IOWA HISTORY PROJECT
Dorothy G. Clark Papers
Genealogist, Historian, Author, Artist
Mahaska County – Our Rich Heritage
Published by Mahaska County Historical Society – Edited by Historian, Dorothy G. Clark
Spring, 1964, Oskaloosa, Iowa
Our Rich Indian Heritage: Volume IV, No. 1
A TRUE PORTRAIT OF CHIEF MAHASKA I – Chief of the Iowa Indian Nation (1784-1834)
With the completion of the Dwight Kirsch Mural in the lobby of the Mahaska State Bank 1 in Oskaloosa, Iowa many persons in Mahaska County have become aware of the fact that we now have, for the first time in our county history, a real life-size replica of the true Chief Mahaska after whom our county was named.
The bronze Indian statue, in our city park, which was presented to our city and county in 1909 by James Depew Edmundson (son of the first sheriff, William Edmundson), is so closely associated with the name of Chief Mahaska that many have come to think of it as the true portrait of him. This is not true.
Sherry Edmundson Fry, a young American sculptor from Creston, Iowa, studying in Paris won international honors in Paris and Rome for this (1906) design of an American Indian. Mr. James D. Edmundson, traveling in France, saw his work and ordered a bronze copy made of it which he had sent to the city of Oskaloosa. In the dedication ceremonies this rare bronze statue was called “Chief Mahaska,” memorializing this most noted chief of the Ioway nation.2
On the other hand, it should be noted that Dwight Kirsch has taken a lithograph print of an original oil painting of Chief Mahaska I by (Charles Bird) King, and has used this true portrait in his mural. The original oil painting of Chief Mahaska was made in 1824 when he was visiting in Washington, D.C. The prints were made in 1838 on stone lithographs, similar to the Currier & Ives prints, and are all hand colored.
William O. McMains of Oskaloosa, Iowa owns prints of: ~ Chief Mahaska I, Chief Mahaska II, and Chief Kish-ke-kosh, who was Chief of the only Indian village in our county.3 Mr. Kirsch expressed his appreciation for the use of this very well-preserved print; the vivid colorings in Chief Mahaska’s portrait are, he said, outstanding.
At the Open Showing of the Mural, Sunday, May 3, 1964, Mr. Kirsch pointed out that he had included many Indian symbols in his mural to blend in the Indian heritage of our county story. Of special interest were the wampum belt depicting the friendship of William Penn with the Indians, and of the buffalo, which Col. Stephen Watts Kearny and Lieut. Albert Lea of the U.S. Dragoons recorded seeing in the “Narrows” (the present site of Oskaloosa) in the year 1835.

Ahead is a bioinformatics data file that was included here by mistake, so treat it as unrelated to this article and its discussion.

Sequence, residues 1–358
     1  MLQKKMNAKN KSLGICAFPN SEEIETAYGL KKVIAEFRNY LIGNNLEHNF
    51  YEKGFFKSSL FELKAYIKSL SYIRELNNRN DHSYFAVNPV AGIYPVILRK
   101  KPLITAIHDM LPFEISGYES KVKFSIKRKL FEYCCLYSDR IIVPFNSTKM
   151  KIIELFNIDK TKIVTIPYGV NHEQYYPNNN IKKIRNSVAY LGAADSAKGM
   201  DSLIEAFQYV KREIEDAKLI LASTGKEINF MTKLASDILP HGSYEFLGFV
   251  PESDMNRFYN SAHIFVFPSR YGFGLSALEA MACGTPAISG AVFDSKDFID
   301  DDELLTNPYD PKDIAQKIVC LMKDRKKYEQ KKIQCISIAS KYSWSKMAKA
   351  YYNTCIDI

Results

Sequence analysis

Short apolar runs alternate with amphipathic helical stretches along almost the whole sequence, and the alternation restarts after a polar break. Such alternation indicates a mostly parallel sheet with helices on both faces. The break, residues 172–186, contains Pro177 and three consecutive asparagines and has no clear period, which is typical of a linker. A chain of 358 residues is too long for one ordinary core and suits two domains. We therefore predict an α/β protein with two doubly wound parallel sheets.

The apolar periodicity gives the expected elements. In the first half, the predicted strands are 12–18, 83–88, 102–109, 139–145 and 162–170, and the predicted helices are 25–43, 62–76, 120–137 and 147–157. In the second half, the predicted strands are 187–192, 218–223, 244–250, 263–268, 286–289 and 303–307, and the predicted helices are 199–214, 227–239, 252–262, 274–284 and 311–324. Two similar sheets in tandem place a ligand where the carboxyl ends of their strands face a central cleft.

Perhaps the most interesting symbols to be discovered in the mural however, are the floating white clouds and a flying pigeon hovering over the silo in the East section of the painting. Since the time of Chief Mahaska I, the family name of all Ioway Indian Chiefs has been WHITE CLOUD – Mr. Kirsch has used the symbol of floating white clouds. Also, the name Rantchewaime, Chief Mahaska’s favorite wife, means “female flying pigeon.” And he has included a graceful, flying pigeon under the white clouds bringing a richer interpretation to us in his fine mural.
Mr. Dwight Kirsch is one of the outstanding artists in the Midwest today. His work has been widely exhibited in shows throughout the country. His canvases are hung in over 30 permanent collections. He was Director of the Des Moines Art Center from 1950-1958. At present, he is artist-in-residence at Iowa State University in Ames. Since the choice of the content of the mural was made by Mr. Kirsch, citizens of Mahaska county are indebted to him for depicting Chief Mahaska as a man.
1 ~ For mural reference in the Dwight Kirsch biography, See: http://dwightkirsch.com/mlia-bookindex.htm Chapter 23, pp. 439-445.
~ Mahaska State Bank is now MidWestOne Bank, located in the same building, 124 South First
2 See: “A Century of Marked and Dedicated Memorials in Mahaska County” End-notes Numbers 8 – 12, for additional information on James DePew Edmundson , Sherry Edmundson Fry and the Chief Mahaska statue.
3 The town of Oskaloosa is located on a ridge on the “Narrows” between the Des Moines River
and the South branch of the Skunk River.
~ Chief Kish-ke-Kosh, a Fox Warrior Chieftain under Chief Keokuk, left his village on the
banks of the South Skunk River in accordance with the ‘New Purchase’ agreement of 1842
whereby he was to vacate his land by May 1, 1843, and cross the Missouri River into Kansas by
~ Chief Mahaska I, the Ioway Chief murdered by two braves from his own tribe, left his son,
Mahaska II (Frank White Cloud), to sign a treaty on October 19, 1838, four years after his death,
by which the Ioway gave up possession of their territory in what is now Iowa.
~ The last encampment of remnants of the Ioway was on the banks of the Des Moines River near Eddyville, on the Reisman farm. An oil painting of that family farm painted by Ila Reisman, ca. 1960s, is located at the Nelson Pioneer Farm Museum in the Ioway Indian/Chief Mahaska Exhibit.
(Esther Clark Olin, September, 2007)
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